Overview of Retired Teachers Insurance

Teachers health insurance plans vary from state to state.
Teachers health insurance plans vary from state to state. (Image: apple for teacher image by max blain from <a href='http://www.fotolia.com'>Fotolia.com</a>)

The topic of insurance for retired teachers is somewhat confusing, because of their employment status. Teachers are considered public employees, that is, people who are employed by the state or local government. As such, teachers employed by the public school system prior to April 1, 1986 are generally not eligible for Medicare, but instead are covered by state or local programs.

State Based Programs

Most retired teachers are insured through the State Teachers Retirement System (STRS). Because the programs are administered a little differently by each state, the program names are not uniform. In Massachusetts, for instance, it's the Retired Municipal Teachers' program; in Ohio, it's the State Teacher's Retirement System of Ohio. Like the names, the premiums, deductibles, co-pays and benefits offered also vary greatly from state to state.

Other STRS Offerings

In some states, the STRS programs offer more than basic health care. For additional fees, they may also offer vision care, dental care, long term care insurance and insurance riders specific to certain diseases such as cancer or heart disease.

STRS Programs in Trouble

As health care costs skyrocket and states face growing financial burdens, many states are looking to cut back or even eliminate benefits for retired teachers. Some are asking for financial assistance from the federal government so they can continue to insure retired public employees. Other STRS programs are not cutting benefits, but are sharply increasing their premiums to the point where they are not affordable for some participants.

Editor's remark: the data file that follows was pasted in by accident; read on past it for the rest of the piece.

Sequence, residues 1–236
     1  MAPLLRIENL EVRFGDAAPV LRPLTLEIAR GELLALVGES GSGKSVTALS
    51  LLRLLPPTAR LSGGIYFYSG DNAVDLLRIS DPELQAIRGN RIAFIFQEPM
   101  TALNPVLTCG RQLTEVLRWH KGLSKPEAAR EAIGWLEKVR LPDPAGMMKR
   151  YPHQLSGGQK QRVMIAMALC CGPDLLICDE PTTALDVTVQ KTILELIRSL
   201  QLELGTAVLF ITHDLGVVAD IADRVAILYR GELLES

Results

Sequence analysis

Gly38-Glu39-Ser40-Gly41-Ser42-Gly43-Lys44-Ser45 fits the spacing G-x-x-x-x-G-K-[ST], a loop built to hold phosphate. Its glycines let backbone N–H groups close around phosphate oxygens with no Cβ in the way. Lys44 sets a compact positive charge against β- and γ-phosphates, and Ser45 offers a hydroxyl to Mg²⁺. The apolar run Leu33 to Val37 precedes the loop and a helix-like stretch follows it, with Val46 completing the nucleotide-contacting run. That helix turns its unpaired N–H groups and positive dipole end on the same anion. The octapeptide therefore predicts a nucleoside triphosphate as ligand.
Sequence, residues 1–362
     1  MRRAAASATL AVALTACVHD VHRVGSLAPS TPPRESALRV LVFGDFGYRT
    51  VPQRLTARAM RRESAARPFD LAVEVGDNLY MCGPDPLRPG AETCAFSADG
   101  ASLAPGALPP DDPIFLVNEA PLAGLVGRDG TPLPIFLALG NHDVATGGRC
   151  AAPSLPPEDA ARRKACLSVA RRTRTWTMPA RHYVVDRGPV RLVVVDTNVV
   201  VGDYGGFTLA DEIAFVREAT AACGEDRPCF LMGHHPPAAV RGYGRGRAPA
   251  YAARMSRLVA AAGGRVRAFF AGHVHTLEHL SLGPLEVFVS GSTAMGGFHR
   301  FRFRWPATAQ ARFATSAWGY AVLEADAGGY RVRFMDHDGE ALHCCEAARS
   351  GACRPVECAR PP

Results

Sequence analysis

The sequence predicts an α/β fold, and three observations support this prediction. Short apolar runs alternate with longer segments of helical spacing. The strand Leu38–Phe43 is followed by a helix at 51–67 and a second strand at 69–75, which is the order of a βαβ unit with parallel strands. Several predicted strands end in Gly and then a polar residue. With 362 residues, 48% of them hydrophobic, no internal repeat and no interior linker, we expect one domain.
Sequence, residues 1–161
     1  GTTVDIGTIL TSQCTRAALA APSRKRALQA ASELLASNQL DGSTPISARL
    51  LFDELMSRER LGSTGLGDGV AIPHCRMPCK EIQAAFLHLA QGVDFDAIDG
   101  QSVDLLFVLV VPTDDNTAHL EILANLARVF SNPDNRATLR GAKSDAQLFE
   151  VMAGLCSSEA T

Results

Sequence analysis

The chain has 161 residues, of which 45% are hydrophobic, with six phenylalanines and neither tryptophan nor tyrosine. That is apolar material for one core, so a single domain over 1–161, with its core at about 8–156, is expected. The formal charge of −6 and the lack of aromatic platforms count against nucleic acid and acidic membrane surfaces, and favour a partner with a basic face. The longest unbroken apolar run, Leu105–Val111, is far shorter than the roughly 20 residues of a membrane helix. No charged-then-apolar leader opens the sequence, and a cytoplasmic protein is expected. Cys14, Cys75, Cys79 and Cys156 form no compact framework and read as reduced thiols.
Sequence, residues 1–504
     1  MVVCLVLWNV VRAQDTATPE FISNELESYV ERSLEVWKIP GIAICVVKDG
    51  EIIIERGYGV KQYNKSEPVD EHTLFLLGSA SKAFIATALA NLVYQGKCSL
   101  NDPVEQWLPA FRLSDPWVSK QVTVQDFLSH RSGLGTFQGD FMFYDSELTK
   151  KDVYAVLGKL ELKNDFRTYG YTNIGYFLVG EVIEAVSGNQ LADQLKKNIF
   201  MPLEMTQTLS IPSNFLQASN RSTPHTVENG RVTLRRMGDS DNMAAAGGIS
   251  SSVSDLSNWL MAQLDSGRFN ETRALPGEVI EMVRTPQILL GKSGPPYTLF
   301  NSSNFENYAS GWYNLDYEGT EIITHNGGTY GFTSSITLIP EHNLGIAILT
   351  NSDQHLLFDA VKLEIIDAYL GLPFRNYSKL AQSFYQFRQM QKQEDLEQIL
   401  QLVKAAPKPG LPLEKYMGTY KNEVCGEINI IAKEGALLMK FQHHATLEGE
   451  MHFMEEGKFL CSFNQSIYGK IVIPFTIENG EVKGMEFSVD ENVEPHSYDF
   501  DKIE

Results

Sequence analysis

Retired teachers without access to health insurance through STRS programs may be put in the position of paying for Medicare privately. This option is cost-prohibitive for many retired teachers, however, because in 2010 the premium for Medicare Part A, or hospital insurance, was $461 a month. This does not even take into account premiums for Medicare Part B (medical insurance) or Medicare Part D (prescription insurance), let alone the cost of a supplemental Medicare health plan. Retired teachers who cannot afford insurance any other way may be forced to buy catastrophic, or high-deductible, private insurance plans.

Federal Law Eases Future Problems

On 19 March 1986, Congress passed a law stipulating that all public employees hired on or after April 1, 1986 would pay into the Medicare system and would be eligible for Medicare the same as any other type of employee. While this will undoubtedly add stress to the Medicare program, it will relieve stress from the states which no longer have to bear the cost of insuring retired teachers and other public employees.

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